< Latin modestus
restrained, decorous, equivalent to modes-
(stem of *modus,
stem akin to modus mode1
, perhaps < *medos,
with the vowel of modus;
, from the same noun stem) + -tus
modestly, adverbhypermodest, adjectivehypermodestly, adverbhypermodestness, nounovermodest, adjectiveovermodestly, adverbpseudomodest, adjectivepseudomodestly, adverbquasi-modest, adjectivequasi-modestly, adverbsupermodest, adjectivesupermodestly, adverbunmodest, adjectiveunmodestly, adverb
retiring, unassuming. 1, 2.
unpretentious, unobtrusive. 3.
pure, virtuous. Modest, demure, prudish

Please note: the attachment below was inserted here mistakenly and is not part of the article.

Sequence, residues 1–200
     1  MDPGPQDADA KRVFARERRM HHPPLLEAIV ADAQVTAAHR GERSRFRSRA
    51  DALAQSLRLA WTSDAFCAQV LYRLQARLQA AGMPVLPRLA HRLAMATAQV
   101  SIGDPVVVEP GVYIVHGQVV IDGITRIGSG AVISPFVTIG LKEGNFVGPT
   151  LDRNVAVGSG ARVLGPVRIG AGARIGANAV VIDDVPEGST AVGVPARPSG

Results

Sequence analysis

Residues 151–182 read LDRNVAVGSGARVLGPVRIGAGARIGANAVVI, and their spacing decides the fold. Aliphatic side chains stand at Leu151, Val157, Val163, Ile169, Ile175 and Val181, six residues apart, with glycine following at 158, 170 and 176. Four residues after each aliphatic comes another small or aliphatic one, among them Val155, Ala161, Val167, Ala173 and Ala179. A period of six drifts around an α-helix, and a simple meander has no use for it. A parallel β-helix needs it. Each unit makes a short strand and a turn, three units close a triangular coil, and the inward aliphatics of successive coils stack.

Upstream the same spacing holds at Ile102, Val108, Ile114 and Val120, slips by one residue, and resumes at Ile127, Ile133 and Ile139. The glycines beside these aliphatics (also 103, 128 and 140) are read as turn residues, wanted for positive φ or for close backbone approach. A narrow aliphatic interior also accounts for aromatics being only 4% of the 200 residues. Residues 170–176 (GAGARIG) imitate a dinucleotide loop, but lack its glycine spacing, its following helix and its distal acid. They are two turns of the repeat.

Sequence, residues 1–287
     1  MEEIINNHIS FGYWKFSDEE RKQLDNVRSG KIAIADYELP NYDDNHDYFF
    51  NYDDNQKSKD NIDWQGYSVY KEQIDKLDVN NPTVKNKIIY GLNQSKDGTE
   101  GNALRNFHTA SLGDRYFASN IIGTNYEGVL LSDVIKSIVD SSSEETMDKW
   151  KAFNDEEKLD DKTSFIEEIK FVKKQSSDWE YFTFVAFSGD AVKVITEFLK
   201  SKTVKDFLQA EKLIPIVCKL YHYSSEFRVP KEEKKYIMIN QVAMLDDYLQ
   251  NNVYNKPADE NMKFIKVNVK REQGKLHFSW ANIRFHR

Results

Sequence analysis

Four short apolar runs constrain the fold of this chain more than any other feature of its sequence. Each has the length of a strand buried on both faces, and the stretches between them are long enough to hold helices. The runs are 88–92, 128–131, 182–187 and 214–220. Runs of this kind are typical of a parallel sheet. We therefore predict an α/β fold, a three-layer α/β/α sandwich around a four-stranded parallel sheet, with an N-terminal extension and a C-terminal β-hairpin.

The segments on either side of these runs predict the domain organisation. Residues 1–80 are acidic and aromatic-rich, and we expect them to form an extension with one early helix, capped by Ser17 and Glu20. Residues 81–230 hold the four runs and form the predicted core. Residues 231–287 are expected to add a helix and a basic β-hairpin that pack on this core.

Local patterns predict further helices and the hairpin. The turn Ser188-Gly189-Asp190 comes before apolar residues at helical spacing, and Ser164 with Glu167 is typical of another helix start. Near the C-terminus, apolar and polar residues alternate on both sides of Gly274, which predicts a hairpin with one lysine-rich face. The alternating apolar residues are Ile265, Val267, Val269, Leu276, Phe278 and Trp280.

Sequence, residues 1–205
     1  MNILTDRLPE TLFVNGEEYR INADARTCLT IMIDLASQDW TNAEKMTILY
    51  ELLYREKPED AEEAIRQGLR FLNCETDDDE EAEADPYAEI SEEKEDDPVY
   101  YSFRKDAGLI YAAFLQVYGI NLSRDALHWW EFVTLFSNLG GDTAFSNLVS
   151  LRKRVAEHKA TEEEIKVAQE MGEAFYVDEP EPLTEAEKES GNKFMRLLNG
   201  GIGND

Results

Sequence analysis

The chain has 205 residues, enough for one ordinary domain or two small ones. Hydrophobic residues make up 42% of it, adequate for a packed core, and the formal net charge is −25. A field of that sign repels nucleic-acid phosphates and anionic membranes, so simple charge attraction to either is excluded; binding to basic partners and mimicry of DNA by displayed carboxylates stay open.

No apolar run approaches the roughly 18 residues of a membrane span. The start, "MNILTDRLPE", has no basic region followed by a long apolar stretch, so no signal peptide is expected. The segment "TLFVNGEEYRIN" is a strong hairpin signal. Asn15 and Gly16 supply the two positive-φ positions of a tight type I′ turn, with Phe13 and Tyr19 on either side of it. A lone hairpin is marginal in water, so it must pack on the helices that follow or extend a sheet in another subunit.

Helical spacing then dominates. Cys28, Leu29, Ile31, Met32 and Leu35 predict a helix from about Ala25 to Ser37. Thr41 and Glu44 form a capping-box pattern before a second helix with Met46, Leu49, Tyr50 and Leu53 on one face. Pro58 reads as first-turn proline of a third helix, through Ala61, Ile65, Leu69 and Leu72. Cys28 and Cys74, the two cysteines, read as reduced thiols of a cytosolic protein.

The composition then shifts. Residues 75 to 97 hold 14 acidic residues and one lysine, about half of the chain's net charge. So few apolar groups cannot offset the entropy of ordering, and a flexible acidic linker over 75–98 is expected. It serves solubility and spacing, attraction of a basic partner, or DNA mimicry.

imply conformity to propriety and decorum, and a distaste for anything coarse or loud. Modest
implies a becoming shyness, sobriety, and proper behavior: a modest, self-respecting person. Demure
implies a bashful, quiet simplicity, staidness, and decorum; but can also indicate an assumed or affected modesty: a demure young chorus girl. Prudish
suggests an exaggeratedly self-conscious modesty or propriety in behavior or conversation of one who wishes to be thought of as easily shocked and who often is intolerant: a prudish objection to a harmless remark.